Some Spend Thousands To Save Pets

In her recent Boston Globe article, "How Far Should We Go to Save Our Pets?" Vicki Constantine Croke has explored what goes into the decisions people make when their pets are sick or injured in an age of cutting-edge, but expensive animal medical care.

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ROBERT SIEGEL, host:

Our next story is about a man and his goose. It's really a story about the $20 billion a year that Americans spend on health care for their pets. But in this particular case, the pet is a goose named Boswell, 2 years old - that's young for a goose, we've learned, they can live well past 20. Boswell has had cancer twice, and he's had surgery, radiation, chemotherapy, treatment that costs thousands of dollars.

Writer Vicki Constantine Croke wrote about Boswell the goose and the many medical options now open to pet owners in a recent article for the Boston Globe Magazine. And she joins us now. Have you been able to calculate what the medical bill for Boswell totals?

Ms. VICKI CONSTANTINE CROKE (Writer): Even though his owner is squeamish about it, he has spent $20,000.

SIEGEL: Twenty thousand dollars. Tell us about the owner and the goose, for that manner.

Ms. CROKE: They are a team. You almost can't talk about one without the other. Mark Podlaseck is an IBM scientist. And his friend was getting a chicken, so he thought he would get geese at the same feed store. He spent $8 on Boswell, never imagining the bill that would come down the line for him.

SIEGEL: Now, the questions raised by a story like that of Boswell the goose and some of the other pets that you read about in the Boston Globe Magazine article. We love our pets - dogs, cats, birds, turtles, geese, whatever - but typically, the vet has been there for rabies shots or extracting some foreign object that the animal has ingested. But chemo, radiation, organ transplants?

Ms. CROKE: You know, the level of care has become so much more sophisticated today than it's ever been before. I met plenty of people who can afford these kinds of treatments. But not everybody can, and that's the really sad part of the story, is knowing that this animal, that you truly consider part of your family, can be saved, but you might not have enough money to do that.

SIEGEL: Apart from the ability to pay or not, did you come across people that just, as a point of principle, said, I could afford this, but this makes no sense to me. She's a cat, you know, this is not a member of my family?

Ms. CROKE: I heard people joke about it and say, you know, I could have three Irish Setters for the price of that cancer care. But no, Paul Gambardella, who used to be the head of Angell Animal Hospital here in Boston, said to me that people often get a cat or dog and they think, when I'm faced with an enormous bill for some horrible illness, I will just put the animal to sleep. But very often, 10 or 15 years of relationship has elapsed, and people feel very dedicated to saving their pets.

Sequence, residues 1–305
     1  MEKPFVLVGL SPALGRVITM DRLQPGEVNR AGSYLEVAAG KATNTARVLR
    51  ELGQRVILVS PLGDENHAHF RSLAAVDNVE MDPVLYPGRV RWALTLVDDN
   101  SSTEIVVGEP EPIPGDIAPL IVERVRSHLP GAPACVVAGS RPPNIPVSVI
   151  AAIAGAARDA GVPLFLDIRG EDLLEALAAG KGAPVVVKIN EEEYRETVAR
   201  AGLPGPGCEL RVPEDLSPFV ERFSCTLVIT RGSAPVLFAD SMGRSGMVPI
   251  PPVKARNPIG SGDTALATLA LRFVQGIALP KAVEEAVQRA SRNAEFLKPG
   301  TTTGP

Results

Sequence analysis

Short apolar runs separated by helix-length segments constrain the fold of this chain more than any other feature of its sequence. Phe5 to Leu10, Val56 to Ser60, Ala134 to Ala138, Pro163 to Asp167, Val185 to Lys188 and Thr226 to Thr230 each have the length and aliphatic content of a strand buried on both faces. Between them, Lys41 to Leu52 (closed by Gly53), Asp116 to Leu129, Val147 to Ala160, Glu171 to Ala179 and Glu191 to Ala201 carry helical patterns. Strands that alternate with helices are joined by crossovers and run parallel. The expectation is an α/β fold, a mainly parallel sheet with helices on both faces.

SIEGEL: Now, after reading your article in the Boston Globe Magazine, I saw that yesterday, the New York Times Sunday magazine has a big cover story on animal pharm, spelled P-H-A-R-M. In the various vignettes of the pet and the medical care, very often, we're talking about families that have a pet but don't have children, I found. Did you find a difference there between families with kids and without?

Ms. CROKE: As far as I know, there have not been any real surveys to try to delineate that. One study that I do know of was done at the Animal Medical Center in New York. And it found that the overwhelming majority of women in responding to the survey said that they were significantly closer to the pet in their life than any other human being. It is a really important point to make because one thing that we believed in our society, in our culture, is that our relationship with an animal is a substitute for something a human relationship that's missing in your life.

And the data seems to be indicating something different. One terrific study about this showed that in a stressful situation, your blood pressure obviously goes up. No one in your family can help you drop your blood pressure in that situation, not a spouse, not a child. But if your dog comes in the room, your blood pressure goes down. So, increasingly, we are beginning to think about the dynamic in a different way, that maybe a pet is not a replacement for a human, but is, in fact, its own thing, even though we don't have a name for it.

SIEGEL: But there's no human who'll ever be that happy to see you every day when you come back in the door from work.

Ms. CROKE: That's right. One of my favorite survey shows that something like three-quarters of married respondents say that they greet the pet in coming through the front door first before their spouse.

SIEGEL: Well, what's the update on Boswell the goose?

Ms. CROKE: Boswell is doing great. He's had a couple of chemo sessions. He's feeling better than ever. He's feeling so well, in fact, Robert, that he started his own blog called The Daily Honk.

(Soundbite of laughter)

SIEGEL: The Daily Honk. Well, Vicki Constantine Croke, thank you very much for talking with us today.

Ms. CROKE: Thank you, Robert.

SIEGEL: Vicki Constantine Croke's story about the billion-dollar industry of pet health care was published recently in the Boston Globe Magazine.

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